A new diagnostic platform to detect BRAF mutations in melanoma and other cancer types is faster and more accurate compared with the standard method currently used in clinics, and this could help accelerate diagnosis and treatment, according to results presented here at the AACR-NCI-EORTC International Conference on Molecular Targets and Cancer Therapeutics, held Oct. 19-23.
About 50 percent of melanomas, and less frequently other cancer types, harbor mutations in the BRAF oncogene. To date, more than 30 different cancer-associated BRAF mutations have been identified. The most common are the BRAF V600 mutations.
The new molecular diagnostics (MDx) prototype platform developed by Biocartis in Mechelen, Belgium, can detect BRAF V600 mutations in about 90 minutes, requires no sample preparation, and is 95 percent in agreement with the standard method approved by clinical laboratory improvement amendments (CLIA).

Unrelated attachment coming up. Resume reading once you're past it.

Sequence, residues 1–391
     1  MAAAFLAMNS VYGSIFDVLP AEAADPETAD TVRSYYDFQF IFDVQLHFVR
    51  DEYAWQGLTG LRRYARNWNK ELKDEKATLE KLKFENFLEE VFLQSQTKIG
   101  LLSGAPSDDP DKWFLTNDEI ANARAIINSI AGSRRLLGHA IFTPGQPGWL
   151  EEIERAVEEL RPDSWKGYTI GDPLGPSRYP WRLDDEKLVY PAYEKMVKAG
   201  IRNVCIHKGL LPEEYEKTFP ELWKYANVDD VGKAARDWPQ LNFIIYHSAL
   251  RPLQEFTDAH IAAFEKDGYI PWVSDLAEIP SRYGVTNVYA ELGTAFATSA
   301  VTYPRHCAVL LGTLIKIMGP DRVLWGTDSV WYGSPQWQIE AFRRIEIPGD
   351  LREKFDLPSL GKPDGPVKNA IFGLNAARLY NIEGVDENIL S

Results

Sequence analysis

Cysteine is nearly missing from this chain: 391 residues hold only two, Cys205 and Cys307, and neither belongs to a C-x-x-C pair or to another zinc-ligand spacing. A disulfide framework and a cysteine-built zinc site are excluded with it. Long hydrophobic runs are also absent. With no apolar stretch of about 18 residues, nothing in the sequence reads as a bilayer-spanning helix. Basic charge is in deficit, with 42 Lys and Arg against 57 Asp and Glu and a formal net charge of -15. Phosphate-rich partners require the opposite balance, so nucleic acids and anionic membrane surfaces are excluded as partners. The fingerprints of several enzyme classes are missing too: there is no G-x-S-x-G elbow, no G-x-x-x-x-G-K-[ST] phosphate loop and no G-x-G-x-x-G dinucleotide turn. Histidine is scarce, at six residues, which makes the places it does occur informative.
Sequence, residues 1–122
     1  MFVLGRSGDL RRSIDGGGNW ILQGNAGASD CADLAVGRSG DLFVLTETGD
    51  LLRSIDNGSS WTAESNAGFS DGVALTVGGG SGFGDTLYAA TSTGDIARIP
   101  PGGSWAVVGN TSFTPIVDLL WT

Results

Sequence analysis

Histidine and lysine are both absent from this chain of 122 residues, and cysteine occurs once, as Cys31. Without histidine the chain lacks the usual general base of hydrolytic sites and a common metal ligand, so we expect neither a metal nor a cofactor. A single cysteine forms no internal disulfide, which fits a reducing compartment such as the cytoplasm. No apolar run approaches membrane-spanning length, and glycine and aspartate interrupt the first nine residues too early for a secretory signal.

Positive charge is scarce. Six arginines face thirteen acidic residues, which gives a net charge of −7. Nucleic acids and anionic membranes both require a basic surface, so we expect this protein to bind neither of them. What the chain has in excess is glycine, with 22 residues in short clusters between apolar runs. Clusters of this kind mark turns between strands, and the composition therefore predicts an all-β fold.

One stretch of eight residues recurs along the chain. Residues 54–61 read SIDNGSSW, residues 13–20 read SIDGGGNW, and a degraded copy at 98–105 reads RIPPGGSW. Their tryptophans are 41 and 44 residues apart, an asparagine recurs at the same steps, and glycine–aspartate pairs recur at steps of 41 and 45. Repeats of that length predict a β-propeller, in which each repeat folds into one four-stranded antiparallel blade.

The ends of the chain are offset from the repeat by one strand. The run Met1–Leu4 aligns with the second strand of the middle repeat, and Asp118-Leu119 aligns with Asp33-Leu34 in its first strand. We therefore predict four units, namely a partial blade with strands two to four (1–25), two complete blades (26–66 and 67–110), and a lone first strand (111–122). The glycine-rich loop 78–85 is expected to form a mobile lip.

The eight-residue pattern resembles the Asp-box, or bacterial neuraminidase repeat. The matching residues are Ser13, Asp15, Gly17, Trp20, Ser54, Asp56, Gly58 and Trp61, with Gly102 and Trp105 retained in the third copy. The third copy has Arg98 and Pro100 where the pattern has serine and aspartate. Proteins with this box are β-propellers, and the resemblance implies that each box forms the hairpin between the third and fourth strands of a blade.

"When you do molecular testing for BRAF mutations the way it is done in the clinic, it often takes three to four weeks to get the results back. A lot of that time is spent preparing the sample, including laser microdissection to isolate DNA from the tumor cells," said Filip Janku, M.D., Ph.D., an oncologist at MD Anderson Cancer Center in Houston, Texas. "With the MDx platform, it takes about two minutes to add fresh, frozen, or paraffin-embedded tumor samples to the sample cartridge and less than 90 minutes to get the results. This platform is capable of giving you an answer in an absolutely unprecedented time frame.